CANADA FX DEBT-Canadian dollar dips ahead of jobs data

Fri Jul 6, 2012 8:04am EDT
 
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* C$ down at $1.0154 vs US$, or 98.48 U.S. cents
    * Bond prices creep up across curve

    TORONTO, July 6 (Reuters) - The Canadian dollar drifted
lower against the greenback on Friday, tracking a drop in global
equities and commodity prices ahead of critical North American
jobs data.
    U.S. employers are expected to have added 90,000 new workers
to their payrolls in June, according to a Reuters survey of
economists. That rise would be modest but still better than the
69,000 jobs created in May, which was the fewest in a year. 
    In Canada, the economy likely created a paltry 5,000 new
jobs in June, for a second straight month of sluggish hiring as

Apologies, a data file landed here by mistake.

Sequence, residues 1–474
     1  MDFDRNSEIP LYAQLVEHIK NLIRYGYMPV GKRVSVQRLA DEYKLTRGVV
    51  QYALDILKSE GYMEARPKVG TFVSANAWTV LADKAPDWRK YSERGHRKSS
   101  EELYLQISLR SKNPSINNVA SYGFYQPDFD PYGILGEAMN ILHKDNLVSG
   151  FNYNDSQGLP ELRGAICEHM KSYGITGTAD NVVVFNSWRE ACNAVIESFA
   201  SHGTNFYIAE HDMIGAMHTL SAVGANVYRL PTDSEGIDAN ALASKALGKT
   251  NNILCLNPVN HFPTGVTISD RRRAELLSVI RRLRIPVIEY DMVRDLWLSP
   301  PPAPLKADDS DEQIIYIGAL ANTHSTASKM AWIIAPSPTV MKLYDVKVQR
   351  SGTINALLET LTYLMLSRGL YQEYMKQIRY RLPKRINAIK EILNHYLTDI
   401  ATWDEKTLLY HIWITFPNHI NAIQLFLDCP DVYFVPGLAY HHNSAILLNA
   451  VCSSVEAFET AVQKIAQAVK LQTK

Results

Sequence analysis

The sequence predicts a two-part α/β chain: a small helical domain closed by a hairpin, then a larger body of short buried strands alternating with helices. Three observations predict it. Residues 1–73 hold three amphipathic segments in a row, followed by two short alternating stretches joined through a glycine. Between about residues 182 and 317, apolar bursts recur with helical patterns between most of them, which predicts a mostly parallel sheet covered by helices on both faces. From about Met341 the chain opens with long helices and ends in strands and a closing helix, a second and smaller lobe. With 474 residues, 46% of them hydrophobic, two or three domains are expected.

employers worried about fallout from the European debt crisis
and the stalled U.S. economy.
    Both reports are due at 8:30 a.m. (1230 GMT).
    At 7:51 a.m., the Canadian currency was at C$1.0154 versus
the U.S. dollar, or 98.48 U.S. cents, slightly weaker than
Thursday's North American session close of C$1.0144
against its U.S. counterpart, or 98.58 U.S. cents.
    Jeremy Stretch, head of currency strategy at CIBC in London,
said unless market participants see a materially stronger-than
expected Canadian labor market, the Canadian dollar should see
solid resistance near the 200-day moving average of C$1.0116 and
its high of C$1.0100 hit on Thursday.
    South of the border, better-than-expected jobs data on could
be a positive for risk assets, or negative if markets interpret
it as suggesting the U.S. Federal Reserve will be less likely to
take further steps to stimulate the economy.
    Meanwhile, investors remained unimpressed after a trio of
major central banks loosened monetary policy on in the previous
session. Spanish 10-year government bond yields extended their
rise past 7 percent on Friday, a level which is not a
sustainable borrowing rate indefinitely. 
    Canadian bond prices edged up across the curve. Canada's
two-year government bond rose 4 Canadian cents to
yield 1.010 percent, while the benchmark 10-year bond
 added 11 Canadian cents to yield 1.709 percent.